Gaps in the system

So how did these vehicles get through the LTO’s system? It turns out that there are glaring gaps in the system used for vehicle registration, sources close to the LTO told Rappler.

The LTO is currently in the process of transferring all its operations from its old IT system provider, Stradcom, to the government-owned Land Transportation Management System (LTMS) portal. However, because not all processes have been fully swapped, LTO personnel may still sometimes register vehicles in the old Stradcom IT system rather than the LTMS.

This is, in fact, what happened in the case of the two Bugatti Chirons. The LTMS’ service providers – a joint venture headed by German company Dermalog – said that both luxury vehicles were not registered in the LTMS, asserting they “would not have been able to be registered in LTMS as the robust security features of LTMS would have prevented such registration to occur.”

Sources close to the LTO also separately confirmed to Rappler that the vehicles were not registered in the LTMS. Instead, it seems the vehicles were registered through the LTO’s old IT system provided by Stradcom.

The LTO wrote to Stradcom on February 21, 2024 to ask for an audit trail “to determine who are the personnel involved in the processing of the registration of the said vehicles,” based on an initial report seen by Rappler regarding the LTO-NCR’s investigation into the matter.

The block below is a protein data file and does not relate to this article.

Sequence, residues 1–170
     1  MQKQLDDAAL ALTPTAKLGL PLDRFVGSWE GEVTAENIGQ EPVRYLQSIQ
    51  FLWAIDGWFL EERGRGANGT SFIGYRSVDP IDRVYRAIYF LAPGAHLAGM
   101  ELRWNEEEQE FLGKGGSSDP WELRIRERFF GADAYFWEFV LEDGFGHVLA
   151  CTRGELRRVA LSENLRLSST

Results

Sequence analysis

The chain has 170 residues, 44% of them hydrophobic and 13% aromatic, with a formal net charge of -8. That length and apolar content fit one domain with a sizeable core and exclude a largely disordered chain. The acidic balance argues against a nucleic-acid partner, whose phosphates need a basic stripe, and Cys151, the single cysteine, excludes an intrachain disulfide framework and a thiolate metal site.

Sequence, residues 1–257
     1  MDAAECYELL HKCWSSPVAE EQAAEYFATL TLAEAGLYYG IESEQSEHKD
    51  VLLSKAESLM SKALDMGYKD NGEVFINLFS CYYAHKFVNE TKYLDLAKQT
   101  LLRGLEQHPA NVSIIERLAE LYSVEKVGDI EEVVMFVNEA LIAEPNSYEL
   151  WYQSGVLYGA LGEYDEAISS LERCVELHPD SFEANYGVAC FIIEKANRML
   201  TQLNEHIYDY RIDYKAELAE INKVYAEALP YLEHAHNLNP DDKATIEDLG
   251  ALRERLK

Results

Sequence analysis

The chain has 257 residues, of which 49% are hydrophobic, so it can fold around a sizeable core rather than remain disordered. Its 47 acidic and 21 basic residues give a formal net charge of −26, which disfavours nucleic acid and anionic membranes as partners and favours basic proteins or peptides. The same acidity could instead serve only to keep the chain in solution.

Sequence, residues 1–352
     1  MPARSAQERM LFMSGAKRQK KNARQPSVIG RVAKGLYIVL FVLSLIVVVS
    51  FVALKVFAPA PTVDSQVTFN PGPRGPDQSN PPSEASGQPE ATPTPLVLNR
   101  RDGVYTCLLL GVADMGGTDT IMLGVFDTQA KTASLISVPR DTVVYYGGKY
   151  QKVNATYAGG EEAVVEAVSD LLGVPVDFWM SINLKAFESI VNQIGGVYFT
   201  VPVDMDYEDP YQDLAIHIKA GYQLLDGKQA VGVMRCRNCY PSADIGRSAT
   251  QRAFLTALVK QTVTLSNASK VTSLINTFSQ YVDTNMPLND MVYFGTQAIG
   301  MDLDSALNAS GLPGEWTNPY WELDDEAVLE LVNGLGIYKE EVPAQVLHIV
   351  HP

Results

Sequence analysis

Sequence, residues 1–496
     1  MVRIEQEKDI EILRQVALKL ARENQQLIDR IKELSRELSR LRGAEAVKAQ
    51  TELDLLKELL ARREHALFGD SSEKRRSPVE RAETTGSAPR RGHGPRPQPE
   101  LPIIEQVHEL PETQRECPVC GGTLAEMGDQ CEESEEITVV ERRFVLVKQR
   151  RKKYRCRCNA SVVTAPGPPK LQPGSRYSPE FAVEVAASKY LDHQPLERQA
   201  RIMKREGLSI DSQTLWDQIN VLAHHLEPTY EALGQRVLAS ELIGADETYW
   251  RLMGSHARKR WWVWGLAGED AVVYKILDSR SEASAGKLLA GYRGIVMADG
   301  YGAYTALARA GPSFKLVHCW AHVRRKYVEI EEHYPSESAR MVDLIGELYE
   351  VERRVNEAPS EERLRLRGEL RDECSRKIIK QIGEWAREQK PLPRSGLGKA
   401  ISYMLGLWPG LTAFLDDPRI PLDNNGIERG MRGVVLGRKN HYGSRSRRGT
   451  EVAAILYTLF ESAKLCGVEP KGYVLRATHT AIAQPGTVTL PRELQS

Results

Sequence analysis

The problem is that vehicle registrations processed through the Stradcom IT system have a weaker audit trail, a source close to the LTO told Rappler. This is because under the old system, paper documents are not scanned, making it more difficult for other officers to conduct audits or due diligence.

Another LTO source told Rappler that it might be possible for an improper certificate of payment to get through the system because it is beyond the scope of the LTO’s work to double-check if customs duties were correctly paid. Once the Bureau of Customs electronically reports the certificate of payment, the LTO issues a certificate of stock reported (CSR), a document that acts like a car’s “birth certificate” and serves as evidence that it was manufactured or imported in the Philippines.

The LTO, in its initial report, also seemed to deflect responsibility away from the agency when it came to the issue of the improper certificate of payment and the resulting CSR.

“Liaison officers of the accredited manufacturers, assemblers, and importers are responsible for inputting data into the LTO system based on the Certificate of Payment issued by the BOC. They independently handle all stages, including evaluation, approval, and the printing of the CSR. The LTO’s role is limited to the processing of payments,” the LTO said in its report.